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June 2012
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Teen won't let introversion define him

By JASON MORROW jmorrow@paducahsun.com

Golf is the perfect game for Paul Wynstra.

He gets to walk the greens alone, trying to beat his previous scores. He doesn't have to talk to anyone in those couple of hours, and he is OK with that. It's time where he can be alone and become energized.

A self-described introvert, Wynstra said it can be a challenge to push through the potential awkwardness of crowds and public speaking, though you would never know it looking at his accomplishments.

Wynstra, 18, was the class favorite at Mayfield High School three years in a row and currently serves as the senior class president. Last year his golf team won the regional championship for the first time since 1995. Along with his extracurricular activities, he has maintained a 4.1 grade-point average.

He doesn't like to bask in the spotlight, however.

"I feel like I've been blessed so greatly in my life," Wynstra said. "I guess it's my responsibility to use what I've been blessed with and try to help other people."

Wynstra, the son of Jonathan and Martha Wynstra, is The Sun's latest Teen of the Week. Each Monday, The Sun features a student selected from nominees submitted by high school counselors in western Kentucky and southern Illinois.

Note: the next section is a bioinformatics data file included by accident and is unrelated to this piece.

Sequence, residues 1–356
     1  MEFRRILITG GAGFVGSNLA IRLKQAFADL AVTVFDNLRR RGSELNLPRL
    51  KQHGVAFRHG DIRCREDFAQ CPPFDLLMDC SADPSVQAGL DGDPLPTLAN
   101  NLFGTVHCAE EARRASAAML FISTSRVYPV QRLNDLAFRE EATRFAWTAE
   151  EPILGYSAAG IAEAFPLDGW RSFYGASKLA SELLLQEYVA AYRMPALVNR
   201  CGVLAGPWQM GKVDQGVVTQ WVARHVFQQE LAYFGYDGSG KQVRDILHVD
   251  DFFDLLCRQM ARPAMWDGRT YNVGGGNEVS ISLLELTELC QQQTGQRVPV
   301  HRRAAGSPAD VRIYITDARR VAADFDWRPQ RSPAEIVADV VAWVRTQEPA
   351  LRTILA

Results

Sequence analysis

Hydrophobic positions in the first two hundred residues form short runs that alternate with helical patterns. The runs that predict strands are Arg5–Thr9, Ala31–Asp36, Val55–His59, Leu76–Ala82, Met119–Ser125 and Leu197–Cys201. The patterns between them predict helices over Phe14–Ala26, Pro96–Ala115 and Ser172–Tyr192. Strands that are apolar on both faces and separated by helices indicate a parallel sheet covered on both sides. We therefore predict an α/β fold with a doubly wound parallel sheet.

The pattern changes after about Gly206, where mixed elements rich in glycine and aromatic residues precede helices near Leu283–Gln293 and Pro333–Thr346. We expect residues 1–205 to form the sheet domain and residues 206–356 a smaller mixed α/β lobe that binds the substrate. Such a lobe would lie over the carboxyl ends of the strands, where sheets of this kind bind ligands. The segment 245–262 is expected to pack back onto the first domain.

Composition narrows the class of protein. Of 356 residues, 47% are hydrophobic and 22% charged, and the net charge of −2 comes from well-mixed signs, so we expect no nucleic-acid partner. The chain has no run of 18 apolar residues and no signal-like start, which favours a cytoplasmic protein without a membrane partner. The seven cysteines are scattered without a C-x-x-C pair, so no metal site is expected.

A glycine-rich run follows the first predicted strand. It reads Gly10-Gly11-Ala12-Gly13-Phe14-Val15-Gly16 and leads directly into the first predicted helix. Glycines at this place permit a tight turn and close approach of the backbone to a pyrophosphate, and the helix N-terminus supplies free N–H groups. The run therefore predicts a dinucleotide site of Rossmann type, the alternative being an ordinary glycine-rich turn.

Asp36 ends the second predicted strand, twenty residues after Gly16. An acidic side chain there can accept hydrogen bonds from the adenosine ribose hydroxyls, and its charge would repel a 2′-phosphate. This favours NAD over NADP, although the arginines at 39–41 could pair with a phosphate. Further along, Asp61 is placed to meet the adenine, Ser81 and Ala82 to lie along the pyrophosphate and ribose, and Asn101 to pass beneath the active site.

This spring, a Teen of the Year will be chosen from the weekly winners and receive a $2,500 scholarship.

Outside of school, Wynstra is involved with his youth group at First Baptist Church of Mayfield and has started a Bible study with seventh graders.

"I'm devoted to discipleship and getting to know those guys in the youth group," he said.

He also spends time mentoring, helping youngsters with vocabulary and math.

Last summer, Wynstra took part in the Governor Scholar Program at Morehead State University, where he studied physical science.

His career goal is to become an architect after graduating from Murray State. With art and math having been his favorite subjects in school, he hopes he can blend the two in his career. "I like the idea of starting with something normal and making it into something creative," he said. "I've always liked that process."

When he gets to Murray State, Wynstra plans to try out for the golf team.

"I'm going to practice and see if I can get it," he said. "But if I don't, I can move on and be happy."

But that doesn't mean he won't keep walking the golf courses, still trying to beat his personal best.

Right now, Wynstra wishes he was done filling out scholarship applications because he doesn't like writing about himself.

"I really don't like bragging about myself," he said. "It's one of my least favorite things to do."

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